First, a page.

Cutting gears on a lathe:
A few years back I bought a Drill/Mill from Harbor Freight Tools.
This is a very small machine, made in China. It is not the best small milling machine but good enough and after one is used to working on it, lots of jobs can be done on it. Certainly, it is well worth the US$ 495.00.
The mill has a 7/8 HP DC variable RPM motor which drives directly, no v-belts to change, very convenient to work with. Major draw-back is the vertical feed which you have to learn to work with; it's far from steady; you have to know your machine. Nevertheless, if I would need one, I would buy it again.
With the exception of the motor's steel driving-gear, all other gears are plastic-gears. After years of good use one day I used the machine beyond its capacity which resulted in the destruction of the driven plastic-gear. I phoned and ordered replacement gears, 3 of them, for about $5.- each.
The problem was about the delivery of the gears since they would have to come straight from China. When the promised 3-week delivery was more than twice over, I decided that I would have to do something about this as soon as possible, I needed the machine.
I remembered that a great many years ago my biker buddy's NSU 350 single cylinder motorcycle's first-gear broke and I had made a rudimentary gear for him on a lathe, in my grandfather's steel fabricating shop. I decided now for my small milling machine, to make a gear the same way I had done it then, so many years ago.
It started with buying a 50 mm diameter by 150 mm (2"od. x 6") piece of bronze bar. First I turned off the raw dimensions of the gear, measured off the broken one. Next, I used a parting tool, of the same thickness as the bottom of the gap between two teeth, installed horizontally in the tool holder of the lathe.
My Atlas lathe is over 60 years old. On its back gear it has 60 holes around the perimeter for dividing purposes. There is also a pin on the base casting which can be pushed into the chosen holes to fix the positions of the chuck for the next cut.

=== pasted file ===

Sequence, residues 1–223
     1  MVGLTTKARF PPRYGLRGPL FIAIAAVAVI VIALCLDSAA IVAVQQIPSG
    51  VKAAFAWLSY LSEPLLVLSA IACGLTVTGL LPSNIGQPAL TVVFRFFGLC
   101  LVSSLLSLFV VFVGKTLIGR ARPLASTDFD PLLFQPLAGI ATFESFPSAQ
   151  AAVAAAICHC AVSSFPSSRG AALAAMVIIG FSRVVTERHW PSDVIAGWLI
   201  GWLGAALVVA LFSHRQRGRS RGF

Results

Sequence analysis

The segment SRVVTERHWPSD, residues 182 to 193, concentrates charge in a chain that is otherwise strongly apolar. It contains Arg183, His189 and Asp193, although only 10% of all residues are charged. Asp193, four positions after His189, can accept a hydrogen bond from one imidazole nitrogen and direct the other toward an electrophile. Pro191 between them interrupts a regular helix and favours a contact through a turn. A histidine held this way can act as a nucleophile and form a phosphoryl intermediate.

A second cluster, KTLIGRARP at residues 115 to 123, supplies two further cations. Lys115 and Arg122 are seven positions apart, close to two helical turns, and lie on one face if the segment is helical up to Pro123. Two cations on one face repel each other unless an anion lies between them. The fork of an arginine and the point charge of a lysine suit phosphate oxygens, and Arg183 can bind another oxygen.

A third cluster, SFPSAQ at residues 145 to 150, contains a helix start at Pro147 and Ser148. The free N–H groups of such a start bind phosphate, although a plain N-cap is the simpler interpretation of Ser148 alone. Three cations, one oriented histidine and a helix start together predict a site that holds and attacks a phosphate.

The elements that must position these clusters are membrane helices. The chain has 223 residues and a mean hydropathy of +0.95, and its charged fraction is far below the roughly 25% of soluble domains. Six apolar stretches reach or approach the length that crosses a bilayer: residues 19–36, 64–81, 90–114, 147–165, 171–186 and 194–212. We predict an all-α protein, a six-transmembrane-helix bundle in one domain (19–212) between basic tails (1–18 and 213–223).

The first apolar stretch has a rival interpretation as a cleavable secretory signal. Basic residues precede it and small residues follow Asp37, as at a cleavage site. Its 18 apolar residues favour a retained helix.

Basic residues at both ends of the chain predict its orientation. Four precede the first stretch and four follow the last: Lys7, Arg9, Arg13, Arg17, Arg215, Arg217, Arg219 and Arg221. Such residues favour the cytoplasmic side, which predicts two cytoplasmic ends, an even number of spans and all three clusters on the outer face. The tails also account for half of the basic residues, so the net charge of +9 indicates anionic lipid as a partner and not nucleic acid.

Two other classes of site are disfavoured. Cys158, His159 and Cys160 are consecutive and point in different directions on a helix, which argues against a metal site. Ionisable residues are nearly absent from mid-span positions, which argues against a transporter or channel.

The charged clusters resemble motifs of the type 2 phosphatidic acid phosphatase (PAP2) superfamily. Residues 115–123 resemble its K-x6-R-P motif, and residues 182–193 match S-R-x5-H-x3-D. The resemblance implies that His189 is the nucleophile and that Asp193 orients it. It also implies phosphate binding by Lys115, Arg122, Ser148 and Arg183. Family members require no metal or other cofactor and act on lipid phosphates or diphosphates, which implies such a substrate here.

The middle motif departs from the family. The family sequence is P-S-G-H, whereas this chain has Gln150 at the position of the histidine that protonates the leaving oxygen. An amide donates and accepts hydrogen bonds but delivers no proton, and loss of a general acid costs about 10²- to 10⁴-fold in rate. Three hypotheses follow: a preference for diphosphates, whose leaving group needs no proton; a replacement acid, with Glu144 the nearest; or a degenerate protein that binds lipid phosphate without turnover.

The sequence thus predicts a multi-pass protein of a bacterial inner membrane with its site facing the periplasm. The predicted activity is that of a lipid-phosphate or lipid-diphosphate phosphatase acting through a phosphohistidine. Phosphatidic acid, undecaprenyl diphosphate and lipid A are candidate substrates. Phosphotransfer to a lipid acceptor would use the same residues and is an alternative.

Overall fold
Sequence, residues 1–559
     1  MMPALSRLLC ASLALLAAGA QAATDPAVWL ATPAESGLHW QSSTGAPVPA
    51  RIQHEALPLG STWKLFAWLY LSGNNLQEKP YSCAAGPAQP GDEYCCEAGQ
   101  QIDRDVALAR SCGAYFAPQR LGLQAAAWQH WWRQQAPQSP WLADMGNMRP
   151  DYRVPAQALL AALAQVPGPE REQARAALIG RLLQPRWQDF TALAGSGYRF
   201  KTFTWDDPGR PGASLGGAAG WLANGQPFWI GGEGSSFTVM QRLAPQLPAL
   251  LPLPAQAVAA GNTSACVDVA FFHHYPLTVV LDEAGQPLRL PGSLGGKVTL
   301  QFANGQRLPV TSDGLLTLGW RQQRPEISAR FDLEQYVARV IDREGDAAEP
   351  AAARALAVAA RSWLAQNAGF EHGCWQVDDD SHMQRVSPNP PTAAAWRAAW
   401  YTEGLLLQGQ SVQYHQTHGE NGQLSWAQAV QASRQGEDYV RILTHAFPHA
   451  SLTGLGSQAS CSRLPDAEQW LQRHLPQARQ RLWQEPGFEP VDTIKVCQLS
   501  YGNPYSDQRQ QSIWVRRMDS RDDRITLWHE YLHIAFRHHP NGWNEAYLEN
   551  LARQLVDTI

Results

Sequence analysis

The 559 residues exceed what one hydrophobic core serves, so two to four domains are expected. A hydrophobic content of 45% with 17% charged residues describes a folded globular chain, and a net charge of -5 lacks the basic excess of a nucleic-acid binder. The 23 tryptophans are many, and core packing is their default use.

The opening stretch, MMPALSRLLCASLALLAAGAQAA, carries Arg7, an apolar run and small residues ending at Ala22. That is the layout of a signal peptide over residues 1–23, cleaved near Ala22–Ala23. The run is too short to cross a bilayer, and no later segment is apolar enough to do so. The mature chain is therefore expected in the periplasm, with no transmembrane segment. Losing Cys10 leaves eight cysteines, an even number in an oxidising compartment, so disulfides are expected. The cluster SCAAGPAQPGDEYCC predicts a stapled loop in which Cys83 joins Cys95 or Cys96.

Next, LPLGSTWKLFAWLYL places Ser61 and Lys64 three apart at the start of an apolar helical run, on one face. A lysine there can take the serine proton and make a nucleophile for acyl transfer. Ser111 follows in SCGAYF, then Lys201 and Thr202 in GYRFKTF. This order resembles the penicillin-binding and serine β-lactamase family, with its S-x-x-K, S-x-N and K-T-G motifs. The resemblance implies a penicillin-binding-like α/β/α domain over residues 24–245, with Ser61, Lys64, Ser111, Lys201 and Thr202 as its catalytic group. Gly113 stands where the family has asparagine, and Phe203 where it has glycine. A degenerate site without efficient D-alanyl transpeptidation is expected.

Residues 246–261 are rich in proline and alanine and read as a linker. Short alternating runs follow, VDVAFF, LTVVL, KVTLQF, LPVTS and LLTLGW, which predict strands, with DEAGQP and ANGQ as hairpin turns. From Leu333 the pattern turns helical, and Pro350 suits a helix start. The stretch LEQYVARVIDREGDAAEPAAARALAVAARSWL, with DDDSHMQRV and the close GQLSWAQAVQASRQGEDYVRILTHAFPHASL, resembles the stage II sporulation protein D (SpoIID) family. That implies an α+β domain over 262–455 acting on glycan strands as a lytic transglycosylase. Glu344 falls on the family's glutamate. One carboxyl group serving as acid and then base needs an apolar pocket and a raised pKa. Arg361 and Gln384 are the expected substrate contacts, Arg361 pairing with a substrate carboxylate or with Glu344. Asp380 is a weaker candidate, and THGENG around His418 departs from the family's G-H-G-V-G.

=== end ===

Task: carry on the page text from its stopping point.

The depth of the teeth had to be measured and after the zero-adjustment on the cross-slide I knew that the end of each cut had to be at 0.122 thou. If I'd make it again, I'd make a stop and fix it to the point where the cross-slide has to stop. Cutting was done by taking 2-3 thou at the time and pushing the tool past over the face of the raw gear by hand-turning the wheel of the main carriage. This was a very tedious job, about 50 times for each of the 30 valleys.
For the next cut I relied on the divider-hole on the back-gear of the lathe and that was a big mistake. I used every other holes of the 60 holes to make my 30 cuts. The back-gear's holes are worn out and were not holding the chuck accurately and errors were accumulating. By the time I got to the last cut, the last tooth was narrower than the rest of them. My mistake!!!
At this point there was nothing I could do except to start from scratch. I figured, once I came that far I would finish the gear and if it did not work, then I would re-do the whole thing.
For the final cuts, a tool had to be ground to the shape of the valley between two teeth and two valleys would shape a tooth. I ground the tool to keep fitting it into the valley of the broken gear. I should have prepared a grinding wheel for this job and done an even closer approach to the shape than I managed. Next time I would do that....
Not wanting to use the same divider-holes again, I attached a 60 tooth gear to the end of the lathe's spindle, a moveable arm to the end of the screw-shaft, a pin on the arm to fit the valley of this divider gear. The tension of the arm was provided by a couple of small bungee-cords.
Now, I had accurate divisions through the whole perimeter of the bronze gear.
The cutting procedure was the same as it was for pre-cutting the gear.
First the tool touched only a corner of the square teeth so these cuts could be larger, 5-6 thou for 2-3 cuts, then gradually less and less as the tool went deeper and cutting off more bronze each time. Towards the end, a cut of maximum 2 thou was possible. When I arrived at the last cut, to the last tooth, the error was very visible. Almost half of a tooth was missing. My luck was that, this side of the tooth was not the loaded side.
What was left to do was the key-way in the center bore of the bronze-gear.
Basically the procedure was the same as it was for the previous cuttings. Cuts of 2 thou a time; takes patience but it works.
After the key-way was completed nothing else was left but parting the finished gear from the rest of the bronze-bar.
Installing the new gear came with varying feelings. Finally everything was up for running again. The new gear was working but with a bit of noise. In a few days the noise reduced but was never gone completely.
Finally after 6-7 months the plastic replacement wheel arrived. During all that time the bronze-gear worked very well and served the purpose without any complaint.
Since then, I bought spares, more than one copy for every gear inside this little milling machine. Now, hopefully I will not have to make another one. It took 3 days, over 5000 stroke-cuts and a sore hand to make this bronze-gear.